If Nigeria fails, and I speak to degree of failure, for it is already failing catastrophically, it shall jeopardize the future of our seeds, and that of our race.
I was going to title this, The Burden Of Knowledge. But I won’t. I have refrained from the presumption of labeling everyone else as idiots, whilst laying claim to some intellectual capacity, which I do not possess. But I am completely convinced of the fact of the collective myopia of the Nigerian peoples. Ruiners and the ruined. The ruled and the rulers. Mutually devoid of the capacity to see, not to speak to the inability to envision. Blind bats! All puns intended.
I was at a gathering of men in the late afternoon and early evening of our lives. One of our numbers was having a barbecue in his backyard. Just us men, his family having traveled to the UK for the summer holidays. There were about a dozen of us men, no women, and the banter was in full flow before I joined the party. My entrance inevitably pulled the conversation towards the Nigerian question, and the lamentations that ensued would mirror the same ones that you would hear from Otuoke to Otukpo. The pains of the Nigerian peoples are unrelenting and common to all, even though they might be expressed in different tongues.
Then a long time friend came into the party, his must have been about the fourth such entree to what had become a well lubricated scene. Well tenderized suya had aided and abetted the liquor, and we had been oiling our vocal chords as we cackled as a gaggle of geese, wailing impotently over our country. I have been knowing this cat since our days in Okokomaiko. Hardworking man. Loves his wife and children without reserve, and educating his children has been his life mission. We are quite chummy and have shared sorrows and joy together. He is a friend. Let’s call him George.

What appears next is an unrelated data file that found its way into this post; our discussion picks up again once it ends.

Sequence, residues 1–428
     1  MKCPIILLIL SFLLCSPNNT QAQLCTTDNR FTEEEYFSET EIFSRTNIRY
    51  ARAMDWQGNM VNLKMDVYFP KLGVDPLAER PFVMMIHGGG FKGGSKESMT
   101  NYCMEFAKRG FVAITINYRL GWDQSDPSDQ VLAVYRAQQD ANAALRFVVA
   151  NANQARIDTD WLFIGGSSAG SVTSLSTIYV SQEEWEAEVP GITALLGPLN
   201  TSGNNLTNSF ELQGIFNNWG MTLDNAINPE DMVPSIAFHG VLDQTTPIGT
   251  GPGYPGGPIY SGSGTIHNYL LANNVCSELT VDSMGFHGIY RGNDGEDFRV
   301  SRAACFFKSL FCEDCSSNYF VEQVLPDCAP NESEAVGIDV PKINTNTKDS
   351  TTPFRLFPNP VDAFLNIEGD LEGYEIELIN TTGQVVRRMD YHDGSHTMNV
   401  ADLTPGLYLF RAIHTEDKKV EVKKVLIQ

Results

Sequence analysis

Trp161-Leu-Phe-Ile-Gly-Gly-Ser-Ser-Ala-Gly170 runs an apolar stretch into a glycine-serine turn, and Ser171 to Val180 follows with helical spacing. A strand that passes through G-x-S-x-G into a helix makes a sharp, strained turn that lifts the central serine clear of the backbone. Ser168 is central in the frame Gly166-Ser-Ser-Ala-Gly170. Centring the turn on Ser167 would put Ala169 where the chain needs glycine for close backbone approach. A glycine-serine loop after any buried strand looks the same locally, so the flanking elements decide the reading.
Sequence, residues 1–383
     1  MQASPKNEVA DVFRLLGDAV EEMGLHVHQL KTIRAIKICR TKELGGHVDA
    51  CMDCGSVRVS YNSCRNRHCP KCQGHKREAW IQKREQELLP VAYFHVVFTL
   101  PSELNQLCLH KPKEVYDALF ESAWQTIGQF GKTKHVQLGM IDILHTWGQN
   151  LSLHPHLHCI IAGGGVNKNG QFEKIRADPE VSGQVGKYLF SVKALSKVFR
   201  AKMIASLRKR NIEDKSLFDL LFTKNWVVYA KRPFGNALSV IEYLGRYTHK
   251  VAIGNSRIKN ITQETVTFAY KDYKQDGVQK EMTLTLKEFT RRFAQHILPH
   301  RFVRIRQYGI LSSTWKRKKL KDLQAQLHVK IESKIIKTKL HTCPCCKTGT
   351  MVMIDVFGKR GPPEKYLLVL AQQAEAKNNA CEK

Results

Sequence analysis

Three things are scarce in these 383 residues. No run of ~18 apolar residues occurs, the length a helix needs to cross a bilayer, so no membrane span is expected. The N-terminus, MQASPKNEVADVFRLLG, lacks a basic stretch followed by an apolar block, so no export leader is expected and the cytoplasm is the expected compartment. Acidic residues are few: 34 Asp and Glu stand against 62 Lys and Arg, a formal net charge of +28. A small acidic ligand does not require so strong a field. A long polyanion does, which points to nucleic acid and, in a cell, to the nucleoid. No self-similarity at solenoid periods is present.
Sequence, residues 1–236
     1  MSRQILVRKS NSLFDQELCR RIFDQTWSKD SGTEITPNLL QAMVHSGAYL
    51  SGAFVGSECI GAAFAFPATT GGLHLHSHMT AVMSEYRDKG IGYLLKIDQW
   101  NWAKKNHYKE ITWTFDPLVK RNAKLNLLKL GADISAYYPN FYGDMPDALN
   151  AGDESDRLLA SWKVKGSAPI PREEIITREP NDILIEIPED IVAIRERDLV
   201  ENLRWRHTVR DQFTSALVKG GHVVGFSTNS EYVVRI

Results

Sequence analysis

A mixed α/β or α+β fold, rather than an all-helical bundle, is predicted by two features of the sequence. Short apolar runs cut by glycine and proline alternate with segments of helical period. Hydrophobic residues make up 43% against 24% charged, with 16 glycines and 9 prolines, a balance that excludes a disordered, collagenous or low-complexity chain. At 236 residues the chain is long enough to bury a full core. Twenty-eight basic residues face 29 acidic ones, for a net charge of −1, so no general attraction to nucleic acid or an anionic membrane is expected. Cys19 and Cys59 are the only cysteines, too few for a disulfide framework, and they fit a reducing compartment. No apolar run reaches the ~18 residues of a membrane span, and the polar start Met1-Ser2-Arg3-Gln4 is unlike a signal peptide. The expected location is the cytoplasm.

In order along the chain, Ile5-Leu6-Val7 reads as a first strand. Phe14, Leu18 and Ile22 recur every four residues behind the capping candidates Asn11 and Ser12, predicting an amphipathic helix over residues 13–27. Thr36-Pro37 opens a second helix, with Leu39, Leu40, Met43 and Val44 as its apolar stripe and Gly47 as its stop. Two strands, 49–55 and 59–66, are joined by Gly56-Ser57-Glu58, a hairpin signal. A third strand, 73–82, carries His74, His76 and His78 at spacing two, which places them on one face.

George’s son had just graduated from Yale. He made a First Class. My friend is not a wealthy man. He does not own his own home. His children are the houses that he has ignored to build. He saved and scrimped, and so did the wife. They have deliberately sent their children to the best schools that money can buy, and they have dedicated their lives to the children. Their first child, a girl, had graduated with a Second Class Upper from a UK university, and now practices law in the father’s firm. We were universally happy for him, and we poured another round in celebration of our friend’s sacrifices, and the son’s resounding success. And then it began.
“He has been offered a full scholarship by Yale for his postgraduate studies” quipped Kunle. He lives next door to George, and whilst the rest of us hadn’t seen him since he returned from the graduation ceremonies, Kunle had all the gist and was in full flow, the father being less inclined to crow about the amazing results of his son. The several opportunities that have opened up to the young man started tumbling out, and the rest of the coterie of old men jumped on the bandwagon. The job offers in Europe, some from banks in the city of London, stock markets and brokerage firms in New York and all over America. I listened and was saddened by it all. I left in my usual unobtrusive manner, but I left a sad man. Saddened by our inability to see, and our failure to envision.